TUC 2012: It has been a momentous year since the last TUC conference, with the setting up of the Leveson inquiry into the culture, practices and ethics of the media.
The NUJ fully supported the inquiry and - eventually - was accepted as a core participant representing the side of the workers in the newspaper industry.
We presented evidence to Lord Justice Leveson on the bullying and intimidation journalists face from management, forcing them to act unethically in order to pursue stories that are designed to raise circulation and thus profits rather than inform, educate and entertain readers.
That is why in our motion to Congress we are calling for the introduction of a conscience clause into journalists' contracts of employment which will allow them to refuse unethical assignments.
We also demand that workers have the right to be represented in their workplaces so they can defend themselves from these unacceptable work practices.
As the events unfolded in court number 73, we have seen the victims of a press hell-bent on getting salacious headlines at all costs and the unedifying spectacle of prime ministers and politicians admitting they fawned at the feet of the Murdochs in hope of preferment in their papers.
The inquiry has exposed the ineffectiveness of the Press Complaints Commission, an organisation stuffed full of newspaper editors protecting their proprietors' interests.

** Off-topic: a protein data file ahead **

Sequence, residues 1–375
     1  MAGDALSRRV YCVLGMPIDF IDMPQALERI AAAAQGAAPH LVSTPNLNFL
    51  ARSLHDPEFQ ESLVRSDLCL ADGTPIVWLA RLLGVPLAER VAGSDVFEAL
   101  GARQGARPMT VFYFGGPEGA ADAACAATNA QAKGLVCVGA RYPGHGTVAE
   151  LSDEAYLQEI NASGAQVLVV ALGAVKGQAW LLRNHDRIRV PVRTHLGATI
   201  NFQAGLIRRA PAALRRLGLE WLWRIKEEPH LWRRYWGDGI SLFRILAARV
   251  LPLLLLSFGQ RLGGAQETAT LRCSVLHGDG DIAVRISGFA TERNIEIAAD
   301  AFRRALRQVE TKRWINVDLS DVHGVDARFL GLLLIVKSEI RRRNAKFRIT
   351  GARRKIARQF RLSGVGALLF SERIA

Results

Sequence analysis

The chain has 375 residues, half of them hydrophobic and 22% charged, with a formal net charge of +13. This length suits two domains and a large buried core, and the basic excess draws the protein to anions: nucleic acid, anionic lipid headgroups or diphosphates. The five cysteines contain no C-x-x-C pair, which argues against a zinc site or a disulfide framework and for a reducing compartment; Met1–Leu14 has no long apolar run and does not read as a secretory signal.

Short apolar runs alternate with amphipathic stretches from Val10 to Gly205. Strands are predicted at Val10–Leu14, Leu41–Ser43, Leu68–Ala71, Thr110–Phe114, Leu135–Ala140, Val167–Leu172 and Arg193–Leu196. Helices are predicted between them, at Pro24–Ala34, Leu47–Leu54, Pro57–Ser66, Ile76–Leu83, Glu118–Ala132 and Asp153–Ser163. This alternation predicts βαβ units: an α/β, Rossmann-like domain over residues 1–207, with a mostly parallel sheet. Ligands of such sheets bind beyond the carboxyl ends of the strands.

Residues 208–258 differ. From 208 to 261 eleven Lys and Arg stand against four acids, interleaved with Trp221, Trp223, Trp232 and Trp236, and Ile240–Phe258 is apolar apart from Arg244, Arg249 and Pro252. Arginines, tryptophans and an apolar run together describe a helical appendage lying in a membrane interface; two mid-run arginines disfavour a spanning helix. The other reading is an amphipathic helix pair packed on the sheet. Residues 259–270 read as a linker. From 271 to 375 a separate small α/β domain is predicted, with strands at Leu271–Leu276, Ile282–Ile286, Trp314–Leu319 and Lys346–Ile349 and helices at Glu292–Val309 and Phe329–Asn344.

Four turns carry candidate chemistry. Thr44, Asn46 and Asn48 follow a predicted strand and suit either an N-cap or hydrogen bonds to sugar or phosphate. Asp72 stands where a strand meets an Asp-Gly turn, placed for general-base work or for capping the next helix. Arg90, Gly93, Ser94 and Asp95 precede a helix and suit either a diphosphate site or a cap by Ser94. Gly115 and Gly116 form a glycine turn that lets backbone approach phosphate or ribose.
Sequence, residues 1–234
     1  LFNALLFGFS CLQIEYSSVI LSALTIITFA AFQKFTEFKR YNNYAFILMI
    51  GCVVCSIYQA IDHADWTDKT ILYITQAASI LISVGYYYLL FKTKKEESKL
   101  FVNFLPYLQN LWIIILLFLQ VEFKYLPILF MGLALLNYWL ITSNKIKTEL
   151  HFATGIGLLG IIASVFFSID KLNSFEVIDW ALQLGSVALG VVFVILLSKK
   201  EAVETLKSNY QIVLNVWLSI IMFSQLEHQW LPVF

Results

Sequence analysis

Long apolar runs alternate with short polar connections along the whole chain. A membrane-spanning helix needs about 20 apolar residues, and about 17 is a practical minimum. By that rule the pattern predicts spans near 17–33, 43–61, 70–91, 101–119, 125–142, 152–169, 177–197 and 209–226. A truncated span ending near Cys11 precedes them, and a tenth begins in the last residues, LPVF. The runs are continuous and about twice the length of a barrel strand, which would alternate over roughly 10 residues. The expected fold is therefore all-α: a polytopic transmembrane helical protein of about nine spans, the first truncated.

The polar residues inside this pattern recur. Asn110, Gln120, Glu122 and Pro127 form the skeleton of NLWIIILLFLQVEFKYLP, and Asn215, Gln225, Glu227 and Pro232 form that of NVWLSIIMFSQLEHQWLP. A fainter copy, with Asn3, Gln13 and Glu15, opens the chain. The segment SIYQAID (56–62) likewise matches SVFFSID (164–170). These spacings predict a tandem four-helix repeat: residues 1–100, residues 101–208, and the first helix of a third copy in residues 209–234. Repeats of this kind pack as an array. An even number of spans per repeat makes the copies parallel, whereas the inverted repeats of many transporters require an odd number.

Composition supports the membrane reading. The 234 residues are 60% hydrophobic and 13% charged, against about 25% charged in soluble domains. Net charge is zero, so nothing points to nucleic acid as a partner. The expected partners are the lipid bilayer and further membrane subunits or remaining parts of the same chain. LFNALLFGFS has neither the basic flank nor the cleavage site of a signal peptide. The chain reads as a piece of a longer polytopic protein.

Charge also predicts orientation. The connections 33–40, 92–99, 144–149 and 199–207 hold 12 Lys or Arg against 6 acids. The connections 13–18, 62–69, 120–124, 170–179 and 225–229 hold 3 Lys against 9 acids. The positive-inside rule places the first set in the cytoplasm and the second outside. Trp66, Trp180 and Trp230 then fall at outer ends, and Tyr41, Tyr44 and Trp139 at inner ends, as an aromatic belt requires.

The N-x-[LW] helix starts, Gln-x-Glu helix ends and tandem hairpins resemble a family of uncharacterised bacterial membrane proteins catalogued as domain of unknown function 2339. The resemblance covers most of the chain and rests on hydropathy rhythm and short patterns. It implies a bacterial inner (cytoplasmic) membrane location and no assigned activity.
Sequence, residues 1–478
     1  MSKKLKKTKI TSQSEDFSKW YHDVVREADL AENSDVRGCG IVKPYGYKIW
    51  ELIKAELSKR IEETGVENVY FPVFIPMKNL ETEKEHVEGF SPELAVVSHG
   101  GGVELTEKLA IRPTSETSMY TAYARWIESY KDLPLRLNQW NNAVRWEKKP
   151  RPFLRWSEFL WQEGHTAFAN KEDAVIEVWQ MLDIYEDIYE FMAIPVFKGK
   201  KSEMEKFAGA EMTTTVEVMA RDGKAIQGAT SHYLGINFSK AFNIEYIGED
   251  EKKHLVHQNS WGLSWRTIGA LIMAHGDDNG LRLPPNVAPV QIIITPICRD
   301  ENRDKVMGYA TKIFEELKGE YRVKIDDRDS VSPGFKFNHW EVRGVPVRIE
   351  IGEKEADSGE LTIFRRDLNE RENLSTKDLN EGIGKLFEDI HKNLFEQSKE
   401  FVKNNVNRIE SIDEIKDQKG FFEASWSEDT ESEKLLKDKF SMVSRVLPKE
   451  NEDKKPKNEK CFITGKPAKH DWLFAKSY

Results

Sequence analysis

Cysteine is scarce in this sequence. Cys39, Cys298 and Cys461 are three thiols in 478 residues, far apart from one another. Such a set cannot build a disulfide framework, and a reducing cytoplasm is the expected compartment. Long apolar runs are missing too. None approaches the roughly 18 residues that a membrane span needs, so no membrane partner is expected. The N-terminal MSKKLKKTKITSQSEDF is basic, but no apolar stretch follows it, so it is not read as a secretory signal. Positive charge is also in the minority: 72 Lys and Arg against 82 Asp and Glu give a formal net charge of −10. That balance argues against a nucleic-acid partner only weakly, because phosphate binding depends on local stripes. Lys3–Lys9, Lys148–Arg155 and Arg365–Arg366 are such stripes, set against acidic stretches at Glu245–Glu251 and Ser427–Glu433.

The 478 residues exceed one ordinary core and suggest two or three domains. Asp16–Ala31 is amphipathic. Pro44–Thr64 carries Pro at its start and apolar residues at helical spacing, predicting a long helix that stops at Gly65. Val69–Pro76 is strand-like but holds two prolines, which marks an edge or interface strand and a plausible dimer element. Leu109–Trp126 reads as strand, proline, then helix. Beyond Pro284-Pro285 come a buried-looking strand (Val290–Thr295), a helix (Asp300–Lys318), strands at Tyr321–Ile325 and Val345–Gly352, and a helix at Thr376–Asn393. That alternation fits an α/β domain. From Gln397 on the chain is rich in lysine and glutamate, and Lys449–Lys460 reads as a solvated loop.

Our motion to Congress calls for a change to press regulation to ensure it ceases to be the plaything of media barons and for the public and journalists to play a full part in ensuring higher standards of the press by holding newspapers that behave badly to account.
In our second motion to Congress, the NUJ notes the appointment of George Entwistle as the new director general of the BBC at a time when the corporation faces 2,000 job losses - following 7,000 job cuts since 2004.
This attack on the pay and conditions of our members will affect the quality of the journalism.
It is all the fault of Mark Thompson, the previous director general, who agreed to a licence-fee freeze while allowing the BBC's coffers to be plundered to pay for projects including the roll-out of superfast broadband and the funding of the World Service.
Our motion notes that the deal was struck "in the political context of significant pressure from News Corporation."
The NUJ has called for the licence-fee deal to be reopened and conducted with genuine transparency and consultation.
The motion calls upon Congress to establish a new plan for the future of the BBC to ensure that the future of quality public-service broadcasting is protected.
Michelle Stanistreet is general secretary of the NUJ.
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